|Datasheet||Specific References||Reviews||Related Products||Protocols|
|YKL39, YKL-39, CHI3L2|
|Verified forward and reverse primers for analyzing the quantitative expression of gene|
|The primer mix has been verified to generate satisfactory qPCR data on Roche LightCycler480|
|1 vial of lyophilized qPCR primer mix (1 nmol each primer, sufficient for 200 numbers of 25 μl reactions) is shipped at ambiente temperatura.|
|The lyophilized product is stable for one year from date of receipt when stored at -20℃.|
The suspended product is stable for six months from date of receipt when stored at -20℃.
Sino biological qEASY qPCR primer pairs are used for SYBR Green-based real-time RT-PCR, The primers are designed by using SBI's proprietary primer design algorithm. Our primer collection covers the entire human genomes. It can be widely applied in the quantitative analysis of gene expression.
To avoid genomic DNA amplification, at least one primer is designed crosses the junction of exons according to the conserved region of a specific gene with all variants.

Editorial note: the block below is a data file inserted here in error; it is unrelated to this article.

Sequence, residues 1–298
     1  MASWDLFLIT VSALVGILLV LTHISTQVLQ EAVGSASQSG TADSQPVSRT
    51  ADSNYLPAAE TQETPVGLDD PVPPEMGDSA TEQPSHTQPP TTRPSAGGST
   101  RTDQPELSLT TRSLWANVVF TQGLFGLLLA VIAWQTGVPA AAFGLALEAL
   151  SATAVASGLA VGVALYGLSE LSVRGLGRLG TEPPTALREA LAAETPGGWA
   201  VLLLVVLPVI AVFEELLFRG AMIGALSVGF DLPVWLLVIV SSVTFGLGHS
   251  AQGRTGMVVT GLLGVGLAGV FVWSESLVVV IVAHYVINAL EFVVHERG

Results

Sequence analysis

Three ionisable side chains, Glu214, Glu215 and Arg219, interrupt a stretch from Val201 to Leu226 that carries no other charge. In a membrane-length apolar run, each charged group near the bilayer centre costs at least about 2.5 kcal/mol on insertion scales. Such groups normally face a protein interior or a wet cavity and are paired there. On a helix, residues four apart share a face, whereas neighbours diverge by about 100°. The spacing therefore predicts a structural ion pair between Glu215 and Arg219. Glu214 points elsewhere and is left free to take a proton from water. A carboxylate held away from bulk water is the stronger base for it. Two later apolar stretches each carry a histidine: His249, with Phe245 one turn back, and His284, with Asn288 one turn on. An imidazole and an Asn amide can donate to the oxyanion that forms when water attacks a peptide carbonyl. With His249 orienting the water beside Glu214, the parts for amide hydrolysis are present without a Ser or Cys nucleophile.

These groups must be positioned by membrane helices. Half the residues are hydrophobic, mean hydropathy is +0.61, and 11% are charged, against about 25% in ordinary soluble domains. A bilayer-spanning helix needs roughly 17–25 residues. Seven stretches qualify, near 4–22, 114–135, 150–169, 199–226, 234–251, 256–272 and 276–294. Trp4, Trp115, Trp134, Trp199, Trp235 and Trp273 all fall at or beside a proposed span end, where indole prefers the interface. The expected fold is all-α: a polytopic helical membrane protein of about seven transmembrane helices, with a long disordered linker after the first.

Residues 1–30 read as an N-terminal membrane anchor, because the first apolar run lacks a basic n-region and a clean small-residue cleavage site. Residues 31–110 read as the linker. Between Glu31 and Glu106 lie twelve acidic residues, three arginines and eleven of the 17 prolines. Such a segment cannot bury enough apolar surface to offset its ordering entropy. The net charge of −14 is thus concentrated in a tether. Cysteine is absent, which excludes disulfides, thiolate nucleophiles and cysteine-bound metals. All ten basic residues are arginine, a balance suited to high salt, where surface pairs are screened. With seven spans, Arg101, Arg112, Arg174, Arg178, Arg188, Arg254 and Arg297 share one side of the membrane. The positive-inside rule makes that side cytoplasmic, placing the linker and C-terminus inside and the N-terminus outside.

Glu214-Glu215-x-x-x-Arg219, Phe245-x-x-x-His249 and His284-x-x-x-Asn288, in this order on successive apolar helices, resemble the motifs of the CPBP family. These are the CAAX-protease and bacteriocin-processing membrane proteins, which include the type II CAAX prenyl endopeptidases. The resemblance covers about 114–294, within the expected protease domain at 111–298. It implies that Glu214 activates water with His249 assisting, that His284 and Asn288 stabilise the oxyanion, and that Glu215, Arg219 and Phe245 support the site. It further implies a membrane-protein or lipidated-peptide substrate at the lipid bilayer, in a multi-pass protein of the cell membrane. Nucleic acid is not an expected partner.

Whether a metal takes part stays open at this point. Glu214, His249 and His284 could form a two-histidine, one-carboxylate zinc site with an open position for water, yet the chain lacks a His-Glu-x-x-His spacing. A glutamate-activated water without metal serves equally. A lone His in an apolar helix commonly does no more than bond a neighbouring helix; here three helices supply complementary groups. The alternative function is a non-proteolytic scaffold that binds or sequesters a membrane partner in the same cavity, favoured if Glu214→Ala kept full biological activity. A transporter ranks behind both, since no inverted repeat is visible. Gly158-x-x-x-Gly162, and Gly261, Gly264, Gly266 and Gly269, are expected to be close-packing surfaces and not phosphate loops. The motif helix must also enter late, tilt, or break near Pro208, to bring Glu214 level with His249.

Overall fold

Confirmed in positive organizations; screened the primer with high specificity and high sensitivity.
Chondrocyte protein 39 (YKL-39), also known as Chitinase 3-like 2 (CHI3L2), is a secretory protein of articular chondrocytes belonging to the glycosyl hydrolase 18 family. It highest expression is in chondrocytes, followed by synoviocytes, lung and heart. YKL-39/CHI3L2 is not detected in spleen, pancreas, and liver. YKL-39/CHI3L2 may also be expressed in developing brain and placenta. YKL-39/CHI3L2, a cartilage-related protein, is found to induce arthritis accompanied by pathologic changes in bone and cartilage. A better understanding of the immune response against cartilage-related components including YKL-39 may help to elucidate the pathological processes of arthritic disorders. Up regulation of YKL-39/CHI3L2 in osteoarthritic cartilage suggests that YKL-39/CHI3L2 may be a more accurate marker of chondrocyte activation than YKL-40, although it has yet to be established as a suitable marker in synovial fluid and serum. The decreased expression of YKL-40 by osteoarthritic chondrocytes is surprising as increased levels have been reported in rheumatoid and osteoarthritic synovial fluid, where it may derive from activated synovial cells or osteophytic tissue or by increased matrix destruction in the osteoarthritic joint. YKL-39 and YKL-40 are potentially interesting marker molecules for arthritic joint disease because they are abundantly expressed by both normal and osteoarthritic chondrocytes.